Commonwealth vs. Richard Perry Loving and Mildred Delores Jeter was the criminal case that began in 1958 in Caroline County and terminated in a landmark civil rights decision by the United States Supreme Court in 1967. The Supreme Court decision declared Virginia’s anti-miscegenation statute, the Racial Integrity Act of 1924, to be unconstitutional, thereby ending all race-based legal restrictions on marriage in the United States.
Mildred Delores (Jeter) Loving, an African American woman, and Richard Perry Loving, a white man, were residents of Caroline County who married in June 1958. The wedding took place in the District of Columbia because Virginia’s Racial Integrity Act banned marriages between any white person and any non-white person. Upon their return to Caroline County, they were charged with violation of the ban. On 6 January 1959, the Lovings pleaded guilty and were sentenced to one year in prison, with the sentence suspended for 25 years on condition that the couple leave the state of Virginia.
The trial judge in the case was Leon M. Bazile who wrote the famous opinion of the court for the Lovings’ appeal of their original sentence – since God had created people of different colors and placed them on different continents He therefore never intended for the races to intermarry.
The Lovings moved to the District of Columbia even though they found it a great hardship for both them and their children to be separated from their families in Virginia. Terms of their sentence directed that even when visiting family they were not allowed to come into the state together but had to make individual trips. On 6 November 1963, the American Civil Liberties Union filed a motion on the Lovings’ behalf in the state trial court to vacate the judgment and set aside the sentence on the grounds that the violated statutes ran counter to the Fourteenth Amendment. Various other suits in state and federal courts followed. On 12 June 1967, the U.S. Supreme Court overturned the convictions in a unanimous decision, dismissing the Commonwealth of Virginia’s argument that a law forbidding both white and black persons from marrying persons of another race, and providing identical penalties to white and black violators, could not be construed as racially discriminatory. The court ruled that Virginia’s anti-miscegenation statute violated both the due process clause and the equal protection clause of the Fourteenth Amendment. In September 1967, the Virginia Supreme Court sent an order to the Caroline County circuit court ordering that the Lovings’ original conviction be overturned and prosecuted no further.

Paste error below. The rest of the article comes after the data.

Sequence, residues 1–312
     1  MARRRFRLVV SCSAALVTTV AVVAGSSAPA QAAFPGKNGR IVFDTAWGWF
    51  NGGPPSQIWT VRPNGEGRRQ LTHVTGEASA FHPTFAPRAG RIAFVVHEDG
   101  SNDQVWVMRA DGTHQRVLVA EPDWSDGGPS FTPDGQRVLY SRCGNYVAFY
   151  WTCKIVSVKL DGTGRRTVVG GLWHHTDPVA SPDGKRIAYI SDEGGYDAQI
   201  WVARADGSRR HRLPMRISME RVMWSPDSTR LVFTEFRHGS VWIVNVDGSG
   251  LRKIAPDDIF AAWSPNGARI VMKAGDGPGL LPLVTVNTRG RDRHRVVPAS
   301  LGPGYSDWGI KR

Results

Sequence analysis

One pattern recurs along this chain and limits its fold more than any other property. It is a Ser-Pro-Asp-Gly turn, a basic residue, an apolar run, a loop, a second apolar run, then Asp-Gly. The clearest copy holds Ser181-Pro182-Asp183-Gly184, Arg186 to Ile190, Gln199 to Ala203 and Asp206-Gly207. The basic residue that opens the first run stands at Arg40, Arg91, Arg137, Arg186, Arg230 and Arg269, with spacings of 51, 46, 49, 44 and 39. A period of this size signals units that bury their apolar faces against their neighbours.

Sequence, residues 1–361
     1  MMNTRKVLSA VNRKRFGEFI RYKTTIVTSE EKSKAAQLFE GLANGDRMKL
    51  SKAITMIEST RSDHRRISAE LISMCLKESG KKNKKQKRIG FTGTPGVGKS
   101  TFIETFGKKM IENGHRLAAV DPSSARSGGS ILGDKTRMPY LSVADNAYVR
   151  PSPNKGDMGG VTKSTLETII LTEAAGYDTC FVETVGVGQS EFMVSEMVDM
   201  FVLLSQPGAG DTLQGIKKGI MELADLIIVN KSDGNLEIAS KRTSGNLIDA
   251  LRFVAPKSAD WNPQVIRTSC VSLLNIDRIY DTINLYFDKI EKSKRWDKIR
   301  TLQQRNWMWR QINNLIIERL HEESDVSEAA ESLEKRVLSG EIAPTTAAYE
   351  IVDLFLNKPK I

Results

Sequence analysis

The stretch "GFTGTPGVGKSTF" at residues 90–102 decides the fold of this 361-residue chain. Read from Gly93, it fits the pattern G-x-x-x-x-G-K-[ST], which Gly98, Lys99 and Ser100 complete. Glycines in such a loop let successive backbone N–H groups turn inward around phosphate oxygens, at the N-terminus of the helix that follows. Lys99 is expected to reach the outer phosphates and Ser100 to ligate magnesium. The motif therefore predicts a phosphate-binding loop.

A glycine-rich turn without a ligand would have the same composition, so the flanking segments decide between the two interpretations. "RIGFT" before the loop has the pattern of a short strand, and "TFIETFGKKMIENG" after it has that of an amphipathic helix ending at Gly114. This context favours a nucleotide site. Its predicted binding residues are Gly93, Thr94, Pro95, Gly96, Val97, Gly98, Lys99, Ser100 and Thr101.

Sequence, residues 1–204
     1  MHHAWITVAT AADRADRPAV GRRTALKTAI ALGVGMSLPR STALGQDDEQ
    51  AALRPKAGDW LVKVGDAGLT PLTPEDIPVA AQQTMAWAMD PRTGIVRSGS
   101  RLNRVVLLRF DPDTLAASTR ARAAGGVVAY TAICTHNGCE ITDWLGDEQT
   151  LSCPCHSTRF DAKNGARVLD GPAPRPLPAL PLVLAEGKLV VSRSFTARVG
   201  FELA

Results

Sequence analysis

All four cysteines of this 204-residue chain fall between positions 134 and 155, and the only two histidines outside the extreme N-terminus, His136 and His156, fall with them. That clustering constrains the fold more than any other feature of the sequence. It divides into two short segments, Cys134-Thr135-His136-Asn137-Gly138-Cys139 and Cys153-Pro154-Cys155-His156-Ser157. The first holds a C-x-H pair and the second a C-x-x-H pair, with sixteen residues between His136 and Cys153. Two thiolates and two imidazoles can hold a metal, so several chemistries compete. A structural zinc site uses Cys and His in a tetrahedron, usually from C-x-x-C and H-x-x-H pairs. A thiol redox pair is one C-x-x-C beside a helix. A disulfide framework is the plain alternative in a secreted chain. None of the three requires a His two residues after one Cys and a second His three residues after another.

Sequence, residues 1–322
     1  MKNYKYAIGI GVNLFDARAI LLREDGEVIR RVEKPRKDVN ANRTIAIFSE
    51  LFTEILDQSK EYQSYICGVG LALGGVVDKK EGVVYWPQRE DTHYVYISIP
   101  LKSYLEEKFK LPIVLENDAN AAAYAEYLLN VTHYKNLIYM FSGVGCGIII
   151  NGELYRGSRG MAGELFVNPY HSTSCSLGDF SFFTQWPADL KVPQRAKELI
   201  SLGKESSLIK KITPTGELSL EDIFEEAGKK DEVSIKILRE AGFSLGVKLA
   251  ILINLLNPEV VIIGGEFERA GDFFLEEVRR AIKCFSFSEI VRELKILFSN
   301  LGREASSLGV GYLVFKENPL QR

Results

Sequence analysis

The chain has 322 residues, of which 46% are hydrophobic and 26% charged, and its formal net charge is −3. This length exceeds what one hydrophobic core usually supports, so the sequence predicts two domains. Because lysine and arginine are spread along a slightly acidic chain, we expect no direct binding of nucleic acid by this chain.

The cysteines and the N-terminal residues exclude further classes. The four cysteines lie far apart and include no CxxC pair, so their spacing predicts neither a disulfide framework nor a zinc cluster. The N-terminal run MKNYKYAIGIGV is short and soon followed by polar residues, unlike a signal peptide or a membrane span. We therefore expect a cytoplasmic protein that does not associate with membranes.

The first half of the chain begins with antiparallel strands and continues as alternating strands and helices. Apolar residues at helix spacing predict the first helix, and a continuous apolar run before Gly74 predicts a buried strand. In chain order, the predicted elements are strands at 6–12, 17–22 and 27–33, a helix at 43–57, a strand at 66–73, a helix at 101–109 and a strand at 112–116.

Caroline County (Va.) Commonwealth versus Richard Perry Loving and Mildred Delores Jeter, 1958-1966, contains documentation of the criminal case including arrest warrants, indictment for a felony, the opinion of judge Leon M. Bazile, and copies of birth certificates for both Loving and Jeter. The original case is housed at the Central Rappahannock Heritage Center, but the Library of Virginia holds microfilm copies.
On Tuesday, 14 February 2012, at 9:00 PM, HBO will present a new documentary titled The Loving Story about the couple and their landmark legal battle. The documentary will show contemporary video footage and photographs that have been unseen until now.
On the same evening at 7:30, the University of Mary Washington in Fredericksburg, Va., will host a panel discussion and a showing of the documentary as part of the Chappell Great Lives Lecture Series. The panelists will be Bernard Cohen, one of the two lawyers who argued the case before the Supreme Court, and Peggy Fortune, the Lovings’ daughter.
-Sarah Nerney, Senior Local Records Archivist
The key book on this story is by Peter Wallenstein, a professor at Virginia Tech. His book is the same title as this story,
“Tell the Court I Love My Wife.” The book is readable and a great story. Anyone interested in Virginia history should get it.
Albany Law School
I love this poignant story-so well done for this Loving couple and hope for our future. Courage and love made this happen.